Three days later, her 25-year-old neighbour Ali was killed in yet another car bombing.

Yes, it’s true that the level of civilian deaths is still a fraction of what it was a year ago. But whereas for much of last year, the trend was downwards, it is now starting to go back up again. Why? Well, within the next few months, the extra 20,000-25,000 US troops who made up the military “surge” will begin to go home. So it is likely that the upward trend in violence is the start of a new attempt by, in this case, mainly Sunni militias to reimpose their authority in areas where the Americans had, for a time, taken control. Over the past five days, 15 US servicemen have been killed.

Even so, according to a survey by the Pew Research Center, fewer than one-third of US voters know that the total US military toll in Iraq since the invasion five years ago is now approaching 4,000. So how long, I wonder, before Iraq returns to centre stage in the US presidential campaign? Because it may well be that by the time of the election in November, the violence will be considerably worse than it is now. According to Pew, in a single week last month, coverage of Iraq made up just one per cent of total US news coverage.

I suspect that is about to change.

Friday, 7 March 2008

7 March 2008

BARCELONA: The last time that I was here, Spain was still under the rule of the Fascist dictator General Francisco Franco. It was more than 35 years ago – and it was illegal to speak the Catalan language in public, or to fly the Catalan flag.

Well, you won’t be surprised to learn that things have changed a bit since then. Barcelona is now not only one of Europe’s most vibrant and successful cities, it is also the proud capital of a resurgent Catalunia, which enjoys a considerable degree of autonomy from the central government in Madrid, but where some people hope that one day they’ll be an independent nation again, as they were until the early 18th century. (Think Scotland, but with more sunshine.)

And that’s one of the main reasons why I’m here. On Sunday, Spanish voters will be asked to elect a new parliament – for the past four years, the Socialist party led by prime minister Jose Luis Rodriguez Zapatero has been in power, but if he’s to win again this time, he’ll need as much support as he can get from the Catalans.

The signs are that he’ll probably scrape through, but it could be tight. The Spanish economy is in the doldrums: house prices are falling, unemployment and inflation rates are rising, economic growth is down. And there’s rumbling unhappiness about immigration: the construction boom of the past decade has been largely fuelled by migrant labour from Morocco, Latin America, and Romania, and 10 per cent of the Spanish population were born abroad. (Yes, that includes all the Brits who’ve retired to the Costa del Sol.)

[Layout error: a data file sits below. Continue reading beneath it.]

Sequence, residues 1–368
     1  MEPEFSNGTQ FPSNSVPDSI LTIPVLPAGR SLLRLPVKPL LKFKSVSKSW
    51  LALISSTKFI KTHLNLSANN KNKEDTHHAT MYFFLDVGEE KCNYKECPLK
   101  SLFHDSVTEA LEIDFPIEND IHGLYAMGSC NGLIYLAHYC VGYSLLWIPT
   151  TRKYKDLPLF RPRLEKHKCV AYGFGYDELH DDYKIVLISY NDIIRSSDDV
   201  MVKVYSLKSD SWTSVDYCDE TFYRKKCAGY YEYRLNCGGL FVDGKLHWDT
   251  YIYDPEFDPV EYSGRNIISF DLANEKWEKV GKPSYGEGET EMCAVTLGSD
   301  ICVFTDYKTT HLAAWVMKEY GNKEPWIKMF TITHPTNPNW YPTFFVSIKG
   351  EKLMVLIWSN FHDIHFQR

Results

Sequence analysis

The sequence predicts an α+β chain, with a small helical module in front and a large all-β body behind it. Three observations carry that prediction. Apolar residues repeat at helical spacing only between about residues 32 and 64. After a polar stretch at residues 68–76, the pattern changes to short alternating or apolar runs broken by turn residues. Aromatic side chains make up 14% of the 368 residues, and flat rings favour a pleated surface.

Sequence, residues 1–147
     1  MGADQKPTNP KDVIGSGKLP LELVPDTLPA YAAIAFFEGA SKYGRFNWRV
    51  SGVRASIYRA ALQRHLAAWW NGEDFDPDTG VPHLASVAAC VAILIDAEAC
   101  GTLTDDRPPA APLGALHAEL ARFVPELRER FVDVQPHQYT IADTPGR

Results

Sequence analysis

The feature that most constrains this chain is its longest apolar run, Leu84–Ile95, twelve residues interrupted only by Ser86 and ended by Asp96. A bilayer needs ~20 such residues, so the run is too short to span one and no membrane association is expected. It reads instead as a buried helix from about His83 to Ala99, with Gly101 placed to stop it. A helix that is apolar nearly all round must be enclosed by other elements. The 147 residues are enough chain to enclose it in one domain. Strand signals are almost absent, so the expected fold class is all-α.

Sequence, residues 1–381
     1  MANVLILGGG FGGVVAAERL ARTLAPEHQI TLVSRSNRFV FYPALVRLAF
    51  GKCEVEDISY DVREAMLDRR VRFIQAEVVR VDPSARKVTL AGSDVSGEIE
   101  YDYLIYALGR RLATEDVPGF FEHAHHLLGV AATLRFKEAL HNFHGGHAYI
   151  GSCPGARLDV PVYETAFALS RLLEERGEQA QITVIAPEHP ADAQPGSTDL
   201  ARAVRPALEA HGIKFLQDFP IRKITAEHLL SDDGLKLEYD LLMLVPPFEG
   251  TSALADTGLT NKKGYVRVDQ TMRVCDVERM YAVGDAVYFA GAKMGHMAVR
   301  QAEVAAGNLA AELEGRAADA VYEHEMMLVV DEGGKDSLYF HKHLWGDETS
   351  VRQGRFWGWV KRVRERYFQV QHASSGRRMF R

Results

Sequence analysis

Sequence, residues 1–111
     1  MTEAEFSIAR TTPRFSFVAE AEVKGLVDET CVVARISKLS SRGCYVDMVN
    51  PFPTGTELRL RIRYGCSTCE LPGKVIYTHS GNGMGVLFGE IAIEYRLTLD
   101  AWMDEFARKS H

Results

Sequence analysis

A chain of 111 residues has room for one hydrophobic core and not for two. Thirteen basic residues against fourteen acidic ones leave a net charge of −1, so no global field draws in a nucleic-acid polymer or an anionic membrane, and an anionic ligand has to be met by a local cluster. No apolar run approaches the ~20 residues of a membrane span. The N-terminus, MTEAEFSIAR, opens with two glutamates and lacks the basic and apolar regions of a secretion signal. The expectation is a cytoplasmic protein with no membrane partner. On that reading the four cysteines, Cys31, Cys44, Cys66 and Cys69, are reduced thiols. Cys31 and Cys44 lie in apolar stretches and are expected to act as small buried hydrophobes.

Last night, I was at a huge Socialist party rally in a sports hall just next to Barcelona’s vast Olympic stadium. More than 25,000 of the party faithful were there, waving flags (more Catalan flags, in fact, than red flags), and cheering party leaders as they forecast victory on Sunday.

Four years ago, as you may remember, the last general election was held in the immediate aftermath of the Madrid train bombings in which nearly 200 people were killed. The right-of-centre government of Jose Maria Aznar was unexpectedly kicked out by voters furious at its response to the attacks: its original claim was the bombings were the work of the Basque separatist movement ETA, whereas as it soon became clear, they were carried out by Islamist jihadists linked to al-Qaeda.

This time, Spanish voters have a chance to make their decision in a more tranquil environment. But like voters in many other European nations – Italy, where an election is due in just over a month’s time; France; Germany; and Britain – they are uncertain about their future. A long run of economic growth is coming to an end, and large movements of immigrants, as a result of globalisation and the expansion of the European Union, mean there are questions about the nature of their societies.

Here, more than three decades after the death of Franco, voters also have a chance to show whether Spain can now be regarded as a mature European democracy. After the unilateral declaration of independence by Kosovo last month, Catalans – and Basques in the north of the country – have to decide how hard to push for more autonomy, or even independence. As a Catalan nationalist MP said to me yesterday: “We are not Kosovo, but we are encouraged.”